Sources Used in Current Review

Centers for Disease Control and Prevention. Travelers' Health. Typhoid & Paratyphoid Fever. Chapter 3. 2014 Yellow Book. Available online at http://wwwnc.cdc.gov/travel/yellowbook/2014/chapter-3-infectious-diseases-related-to-travel/typhoid-and-paratyphoid-fever through http://wwwnc.cdc.gov. Accessed September 2013.

MayoClinic.com. Typhoid fever: Symptoms Available online at http://www.mayoclinic.com/health/typhoid-fever/DS00538/DSECTION=symptoms through http://www.mayoclinic.com. Accessed September 2013.

Keddy, KH et al. Sensitivity and specificity of typhoid fever rapid antibody tests for laboratory diagnosis at two sub-Saharan African sites. Bulletin of the World Health Organization 2011;89:640-647. Available online at http://www.who.int/bulletin/volumes/89/9/11-087627/en/ through http://www.who.int. Accessed September 2013.

Krishna S, Desai S, Anjana V K, Paranthaaman R G. Typhidot (IgM) as a reliable and rapid diagnostic test for typhoid fever. Ann Trop Med Public Health 2011;4:42-4. Available online at http://www.atmph.org/article.asp?issn=1755-6783;year=2011;volume=4;issue=1;spage=42;epage=44;aulast=Krishna through http://www.atmph.org. Accessed September 2013.

Sources Used in Previous Reviews

Willke A, Ergonul O and Bayar B. Widal Test in Diagnosis of Typhoid Fever in Turkey. Clin Diagn Lab Immunol. 2002 July; 9(4): 938–941. Available online at http://www.ncbi.nlm.nih.gov/pmc/articles/PMC120044/ through http://www.ncbi.nlm.nih.gov. Accessed August 2010.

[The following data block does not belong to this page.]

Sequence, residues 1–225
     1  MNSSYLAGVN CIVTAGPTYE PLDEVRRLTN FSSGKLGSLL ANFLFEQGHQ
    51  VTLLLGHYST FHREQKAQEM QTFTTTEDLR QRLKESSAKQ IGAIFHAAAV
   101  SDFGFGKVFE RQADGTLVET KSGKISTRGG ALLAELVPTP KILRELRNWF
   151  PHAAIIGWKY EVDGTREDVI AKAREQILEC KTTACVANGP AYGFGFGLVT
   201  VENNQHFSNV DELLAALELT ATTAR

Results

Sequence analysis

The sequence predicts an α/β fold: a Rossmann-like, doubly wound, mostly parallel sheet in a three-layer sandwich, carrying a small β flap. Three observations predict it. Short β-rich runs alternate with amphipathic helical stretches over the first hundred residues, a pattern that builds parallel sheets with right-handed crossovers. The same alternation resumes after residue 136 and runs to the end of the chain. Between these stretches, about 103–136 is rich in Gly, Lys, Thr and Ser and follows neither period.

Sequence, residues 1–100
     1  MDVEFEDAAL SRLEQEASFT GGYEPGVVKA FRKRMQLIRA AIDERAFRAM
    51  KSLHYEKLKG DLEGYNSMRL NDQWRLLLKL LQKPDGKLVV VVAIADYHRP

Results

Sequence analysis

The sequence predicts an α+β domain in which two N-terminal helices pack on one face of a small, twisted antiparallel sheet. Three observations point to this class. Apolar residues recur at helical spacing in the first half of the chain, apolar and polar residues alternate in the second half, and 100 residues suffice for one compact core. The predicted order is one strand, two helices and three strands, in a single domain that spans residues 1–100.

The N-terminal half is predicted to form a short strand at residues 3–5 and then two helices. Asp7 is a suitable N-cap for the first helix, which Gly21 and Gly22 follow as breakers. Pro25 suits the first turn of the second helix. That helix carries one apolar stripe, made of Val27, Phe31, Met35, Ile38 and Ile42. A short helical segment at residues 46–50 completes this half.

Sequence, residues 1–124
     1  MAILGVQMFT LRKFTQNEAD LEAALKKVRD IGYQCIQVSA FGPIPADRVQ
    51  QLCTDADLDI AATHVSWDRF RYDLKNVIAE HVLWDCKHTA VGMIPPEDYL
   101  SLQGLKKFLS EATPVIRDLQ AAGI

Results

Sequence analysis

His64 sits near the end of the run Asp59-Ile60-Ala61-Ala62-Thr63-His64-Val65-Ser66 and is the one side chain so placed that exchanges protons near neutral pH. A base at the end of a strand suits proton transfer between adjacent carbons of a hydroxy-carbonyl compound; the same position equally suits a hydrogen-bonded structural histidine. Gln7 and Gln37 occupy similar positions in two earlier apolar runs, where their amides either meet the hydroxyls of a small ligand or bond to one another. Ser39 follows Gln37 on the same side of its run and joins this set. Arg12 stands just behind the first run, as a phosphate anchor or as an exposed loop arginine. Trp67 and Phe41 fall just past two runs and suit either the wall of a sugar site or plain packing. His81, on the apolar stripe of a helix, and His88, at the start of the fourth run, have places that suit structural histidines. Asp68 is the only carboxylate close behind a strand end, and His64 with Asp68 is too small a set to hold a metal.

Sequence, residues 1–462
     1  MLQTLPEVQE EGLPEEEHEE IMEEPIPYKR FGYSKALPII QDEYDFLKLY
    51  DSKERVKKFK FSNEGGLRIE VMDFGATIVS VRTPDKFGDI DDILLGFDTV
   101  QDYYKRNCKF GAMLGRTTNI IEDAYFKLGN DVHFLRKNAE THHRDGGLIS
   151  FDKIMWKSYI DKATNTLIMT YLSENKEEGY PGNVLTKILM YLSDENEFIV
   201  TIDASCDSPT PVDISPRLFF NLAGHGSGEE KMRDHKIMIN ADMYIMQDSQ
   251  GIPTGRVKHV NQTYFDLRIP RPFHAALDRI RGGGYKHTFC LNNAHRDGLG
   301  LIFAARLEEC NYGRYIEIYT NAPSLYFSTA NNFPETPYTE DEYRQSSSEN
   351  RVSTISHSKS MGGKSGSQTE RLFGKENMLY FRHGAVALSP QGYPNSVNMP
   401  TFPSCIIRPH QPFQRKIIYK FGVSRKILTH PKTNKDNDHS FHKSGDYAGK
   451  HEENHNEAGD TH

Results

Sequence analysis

Saudi Society of Medical Microbiology and Infectious Diseases. Widal Test. Available online at http://ssmmid.org/widal-test/ through http://ssmmid.org. Accessed August 2010.

Omuse G, Kohli R and Revathi G. Diagnostic utility of a single Widal test in the diagnosis of typhoid fever at Aga Khan University Hospital (AKUH), Nairobi, Kenya. Version published on 1 January 2010. Trop Doct 2010;40:43-44. © 2010 Royal Society of Medicine Press. Available online at http://td.rsmjournals.com/cgi/content/abstract/40/1/43 through http://td.rsmjournals.com. Accessed August 2010.

Ley B et al. Evaluation of the Widal tube agglutination test for the diagnosis of typhoid fever among children admitted to a rural hospital in Tanzania and a comparison with previous studies. BMC Infectious Diseases 2010, 10:180. Available online at http://www.biomedcentral.com/1471-2334/10/180 through http://www.biomedcentral.com. Accessed August 2010.

MedlinePlus Medical Encyclopedia. Typhoid Fever. Available online at http://www.nlm.nih.gov/medlineplus/ency/article/001332.htm. Accessed August 2010.

Begum Z et al. Comparison between DOT EIA IgM and Widal Test as early diagnosis of typhoid fever. Mymensingh Med J. 2009 Jan;18(1):13-7. Available online at http://www.ncbi.nlm.nih.gov/pubmed/19182742 through http://www.ncbi.nlm.nih.gov. Accessed August 2010.

Narayanappa D et al. Comparative study of dot enzyme immunoassay (Typhidot-M) and Widal test in the diagnosis of typhoid fever. Indian Pediatr. 2010 Apr 7;47(4):331-3. Epub 2009 Apr 15. Available online at http://www.ncbi.nlm.nih.gov/pubmed/19430063 through http://www.ncbi.nlm.nih.gov. Accessed August 2010.

World Health Organization. Guidelines on Standard Operating Procedures for MICROBIOLOGY: Enteric Fever. Available online at http://www.searo.who.int/EN/Section10/Section17/Section53/Section482_1794.htm through http://www.searo.who.int. Accessed August 2010.

Centers for Disease Control and Prevention. Travelers' Health, 2010 Yellow Book: Typhoid and Paratyphoid Fever. Available online at http://wwwnc.cdc.gov/travel/yellowbook/2010/chapter-2/typhoid-paratyphoid-fever.aspx through http://wwwnc.cdc.gov. Accessed August 2010.

MayoClinic.com. Typhoid Fever. Available online at http://www.mayoclinic.com/health/typhoid-fever/DS00538 through http://www.mayoclinic.com. Accessed August 2010.